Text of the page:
The Art and the Healing Art, Part 1

In the Summer 2009, Number 65, of The Main Central Jin Shin Jyustu Newsletter, Carlos Muptualis Knorr Gutterres submitted the following article that I find amazing and enlightening. I am so grateful to Carlos and all our JSJ instructors for their love and commitment to help me/us grow and expand awareness while learning how to KNOW MYSELF BE IT IS, IS.

The Art and the Healing Art

it is interesting to observe how words in a certain language, during their lifetime, change their meanings or end up not being used anymore. Many times, not only words but certain kinds of knowledge or human activities head to a similar end – even though many of them reappear after some centuries as being a completely new and revolutionary proposal. As an example, we can see this in the word “IATRIC”, which we still use as a suffix in words like: pediatrics, psychiatrics, etc.

Iatric” comes from the Greek word (Iatrike) meaning “the healing art”. At first sight, we can think that this word is just a synonym for the word medicineIt is very important to accurately evaluate the word art in order to notice subtle differences, because nowadays medicine is understood, treated and studied as a technically applied science. Although it has been forgotten that a long, long time ago the study, the process and the search of the living cure as an art existed, and the world “iatric” mentioned above is its testimony.

If we look up the word art in the dictionary, we will find definitions like: practical execution of an idea with perfection; or a set of rules in order to be expressed in harmony and perfection. So, “iatric” must mean: the action of restoring health with harmony and perfection. Going beyond definitions, we know that all kinds of art expressions need science and technique, because if the artist doesn’t know the processes or doesn’t master the technique, he certainly will not know how to express himself in harmony or in perfection, although he clearly feels the harmony and perfection inside himself. On the other hand, science and technique don’t need art, because they can define the steps for executing an activity following a logical procedure, and those who use these steps will certainly obtain the goal previously determined. The technique obeys well defined rules, and if they are followed, these rules will be turned into mechanical and repeated actions and be transformed in competition. In order to complete these actions, people will make big efforts in a very accurate and fast way. But art is not repetitive, because each creation is unique and its process is individual. In real art there isn’t any kind of effort or competition. The artist works in order to express himself in an individual and unique way, and his own way of expressing flows in a natural manner without any kind of effort. Picasso certainly was never motivated by expressing his art like Leonardo da Vinci, because this would be too effortful. While being himself, he just had to be.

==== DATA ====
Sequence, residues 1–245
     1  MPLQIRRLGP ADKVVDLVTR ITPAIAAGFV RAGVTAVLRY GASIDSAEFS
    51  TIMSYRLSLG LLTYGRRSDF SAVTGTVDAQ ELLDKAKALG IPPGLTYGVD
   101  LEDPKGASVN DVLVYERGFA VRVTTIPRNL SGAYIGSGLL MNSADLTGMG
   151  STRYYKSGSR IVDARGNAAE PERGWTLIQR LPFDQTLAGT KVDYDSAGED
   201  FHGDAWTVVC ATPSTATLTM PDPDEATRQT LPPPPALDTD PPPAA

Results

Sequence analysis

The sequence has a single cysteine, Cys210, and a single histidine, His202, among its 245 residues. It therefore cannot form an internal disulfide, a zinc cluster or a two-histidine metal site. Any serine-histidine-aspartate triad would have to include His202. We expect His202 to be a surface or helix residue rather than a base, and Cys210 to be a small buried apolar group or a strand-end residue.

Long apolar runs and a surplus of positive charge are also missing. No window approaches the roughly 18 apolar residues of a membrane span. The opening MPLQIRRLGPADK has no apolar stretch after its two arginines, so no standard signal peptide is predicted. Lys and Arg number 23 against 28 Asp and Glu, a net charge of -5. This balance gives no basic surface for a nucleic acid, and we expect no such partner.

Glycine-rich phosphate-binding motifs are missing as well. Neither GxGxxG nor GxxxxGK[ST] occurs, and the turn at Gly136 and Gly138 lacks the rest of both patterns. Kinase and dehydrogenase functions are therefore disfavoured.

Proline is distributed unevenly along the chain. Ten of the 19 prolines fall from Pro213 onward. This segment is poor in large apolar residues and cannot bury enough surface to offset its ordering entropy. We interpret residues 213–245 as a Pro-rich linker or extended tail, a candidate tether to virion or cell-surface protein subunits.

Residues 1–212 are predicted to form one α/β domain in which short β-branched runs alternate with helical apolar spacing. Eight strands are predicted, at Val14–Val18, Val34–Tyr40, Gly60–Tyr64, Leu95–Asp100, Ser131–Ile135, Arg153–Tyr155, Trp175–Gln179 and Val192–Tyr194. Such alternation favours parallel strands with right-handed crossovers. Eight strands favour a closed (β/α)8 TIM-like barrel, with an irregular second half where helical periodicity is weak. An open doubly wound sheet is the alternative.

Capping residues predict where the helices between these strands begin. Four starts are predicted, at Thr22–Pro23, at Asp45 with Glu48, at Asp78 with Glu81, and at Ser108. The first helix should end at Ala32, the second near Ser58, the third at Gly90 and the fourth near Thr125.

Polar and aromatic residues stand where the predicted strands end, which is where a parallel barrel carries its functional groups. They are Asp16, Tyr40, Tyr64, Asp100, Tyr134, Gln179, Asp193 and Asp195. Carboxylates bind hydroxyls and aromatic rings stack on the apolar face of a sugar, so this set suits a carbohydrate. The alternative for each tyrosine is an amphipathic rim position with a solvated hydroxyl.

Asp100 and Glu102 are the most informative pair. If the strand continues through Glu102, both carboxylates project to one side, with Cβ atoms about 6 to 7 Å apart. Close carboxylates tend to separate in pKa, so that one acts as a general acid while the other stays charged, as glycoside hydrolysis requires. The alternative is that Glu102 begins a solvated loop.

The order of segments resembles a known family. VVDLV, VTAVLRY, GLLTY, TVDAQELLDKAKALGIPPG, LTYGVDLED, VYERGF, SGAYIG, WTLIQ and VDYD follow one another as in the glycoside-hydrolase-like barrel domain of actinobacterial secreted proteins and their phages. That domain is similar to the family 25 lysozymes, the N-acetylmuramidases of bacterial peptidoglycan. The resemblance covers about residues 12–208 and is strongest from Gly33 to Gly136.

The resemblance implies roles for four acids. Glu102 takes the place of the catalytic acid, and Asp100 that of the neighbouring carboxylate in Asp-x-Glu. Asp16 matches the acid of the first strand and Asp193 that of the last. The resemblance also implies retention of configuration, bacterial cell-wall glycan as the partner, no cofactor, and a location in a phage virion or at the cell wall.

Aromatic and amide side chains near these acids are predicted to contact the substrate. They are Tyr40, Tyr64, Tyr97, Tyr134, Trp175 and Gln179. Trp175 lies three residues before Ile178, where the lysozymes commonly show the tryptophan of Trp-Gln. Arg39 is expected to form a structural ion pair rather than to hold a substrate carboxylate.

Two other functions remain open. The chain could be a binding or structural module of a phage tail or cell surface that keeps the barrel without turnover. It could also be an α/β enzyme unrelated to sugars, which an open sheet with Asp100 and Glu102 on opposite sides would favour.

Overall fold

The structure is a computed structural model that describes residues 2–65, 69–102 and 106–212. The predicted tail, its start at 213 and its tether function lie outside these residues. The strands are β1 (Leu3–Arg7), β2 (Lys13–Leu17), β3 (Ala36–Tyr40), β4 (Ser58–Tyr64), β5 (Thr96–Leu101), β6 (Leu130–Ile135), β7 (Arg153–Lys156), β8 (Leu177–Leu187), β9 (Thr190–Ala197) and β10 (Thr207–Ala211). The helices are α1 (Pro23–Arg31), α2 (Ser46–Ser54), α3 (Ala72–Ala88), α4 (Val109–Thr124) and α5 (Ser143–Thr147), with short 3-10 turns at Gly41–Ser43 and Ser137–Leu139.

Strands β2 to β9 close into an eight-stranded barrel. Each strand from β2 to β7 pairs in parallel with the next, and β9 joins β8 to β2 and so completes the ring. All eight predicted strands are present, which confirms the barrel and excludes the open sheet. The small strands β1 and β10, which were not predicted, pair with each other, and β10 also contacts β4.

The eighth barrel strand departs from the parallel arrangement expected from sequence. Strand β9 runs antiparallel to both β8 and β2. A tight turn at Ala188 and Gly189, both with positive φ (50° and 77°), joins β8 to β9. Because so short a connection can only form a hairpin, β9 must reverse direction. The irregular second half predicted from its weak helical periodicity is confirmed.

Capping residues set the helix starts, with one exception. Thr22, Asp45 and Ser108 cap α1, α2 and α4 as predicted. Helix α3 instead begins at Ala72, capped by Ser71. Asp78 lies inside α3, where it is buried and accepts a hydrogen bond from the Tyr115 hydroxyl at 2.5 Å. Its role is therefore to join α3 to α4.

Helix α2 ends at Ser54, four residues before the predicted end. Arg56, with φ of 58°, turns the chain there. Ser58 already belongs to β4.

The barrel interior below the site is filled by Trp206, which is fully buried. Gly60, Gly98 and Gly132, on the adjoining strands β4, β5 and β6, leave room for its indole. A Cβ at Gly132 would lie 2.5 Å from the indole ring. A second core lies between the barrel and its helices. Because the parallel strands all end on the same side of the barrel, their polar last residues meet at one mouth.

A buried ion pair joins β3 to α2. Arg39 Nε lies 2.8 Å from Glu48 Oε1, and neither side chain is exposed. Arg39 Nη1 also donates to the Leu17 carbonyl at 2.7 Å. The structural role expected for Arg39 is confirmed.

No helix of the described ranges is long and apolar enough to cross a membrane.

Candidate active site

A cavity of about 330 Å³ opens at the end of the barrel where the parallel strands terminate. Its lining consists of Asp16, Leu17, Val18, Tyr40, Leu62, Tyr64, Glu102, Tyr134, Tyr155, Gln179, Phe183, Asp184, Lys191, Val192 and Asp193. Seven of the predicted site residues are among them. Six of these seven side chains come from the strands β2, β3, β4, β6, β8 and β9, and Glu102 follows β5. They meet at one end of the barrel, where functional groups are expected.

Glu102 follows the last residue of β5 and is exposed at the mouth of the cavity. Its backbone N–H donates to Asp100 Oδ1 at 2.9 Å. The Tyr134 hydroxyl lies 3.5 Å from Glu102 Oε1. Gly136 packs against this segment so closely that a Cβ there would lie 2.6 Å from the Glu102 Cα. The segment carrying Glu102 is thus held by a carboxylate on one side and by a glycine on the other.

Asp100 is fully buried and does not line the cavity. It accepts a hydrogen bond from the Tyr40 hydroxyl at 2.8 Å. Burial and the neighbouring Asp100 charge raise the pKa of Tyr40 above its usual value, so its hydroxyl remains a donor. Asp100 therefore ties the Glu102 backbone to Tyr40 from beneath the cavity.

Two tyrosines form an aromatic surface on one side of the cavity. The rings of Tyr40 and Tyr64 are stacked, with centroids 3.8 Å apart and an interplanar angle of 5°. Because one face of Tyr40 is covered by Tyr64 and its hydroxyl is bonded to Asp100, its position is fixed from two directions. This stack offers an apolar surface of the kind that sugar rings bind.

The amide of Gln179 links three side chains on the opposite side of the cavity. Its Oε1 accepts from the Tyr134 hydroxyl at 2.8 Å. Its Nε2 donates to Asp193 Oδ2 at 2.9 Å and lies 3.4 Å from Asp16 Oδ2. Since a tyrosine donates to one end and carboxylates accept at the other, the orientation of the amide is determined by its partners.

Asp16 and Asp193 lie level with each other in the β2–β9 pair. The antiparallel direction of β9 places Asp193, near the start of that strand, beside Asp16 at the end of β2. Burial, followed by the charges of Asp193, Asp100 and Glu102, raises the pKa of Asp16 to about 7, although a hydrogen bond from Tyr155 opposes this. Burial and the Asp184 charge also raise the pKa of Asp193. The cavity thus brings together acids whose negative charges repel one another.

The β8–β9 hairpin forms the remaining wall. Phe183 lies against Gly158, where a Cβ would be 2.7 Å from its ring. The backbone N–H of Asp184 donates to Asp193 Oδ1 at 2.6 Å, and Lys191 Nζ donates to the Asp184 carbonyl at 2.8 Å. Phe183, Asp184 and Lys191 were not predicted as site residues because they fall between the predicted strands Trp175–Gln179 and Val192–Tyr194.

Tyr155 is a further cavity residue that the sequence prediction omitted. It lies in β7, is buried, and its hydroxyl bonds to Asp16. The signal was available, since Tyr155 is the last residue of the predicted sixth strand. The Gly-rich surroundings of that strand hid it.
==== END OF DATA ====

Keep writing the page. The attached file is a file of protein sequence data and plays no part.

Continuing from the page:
To be continued…

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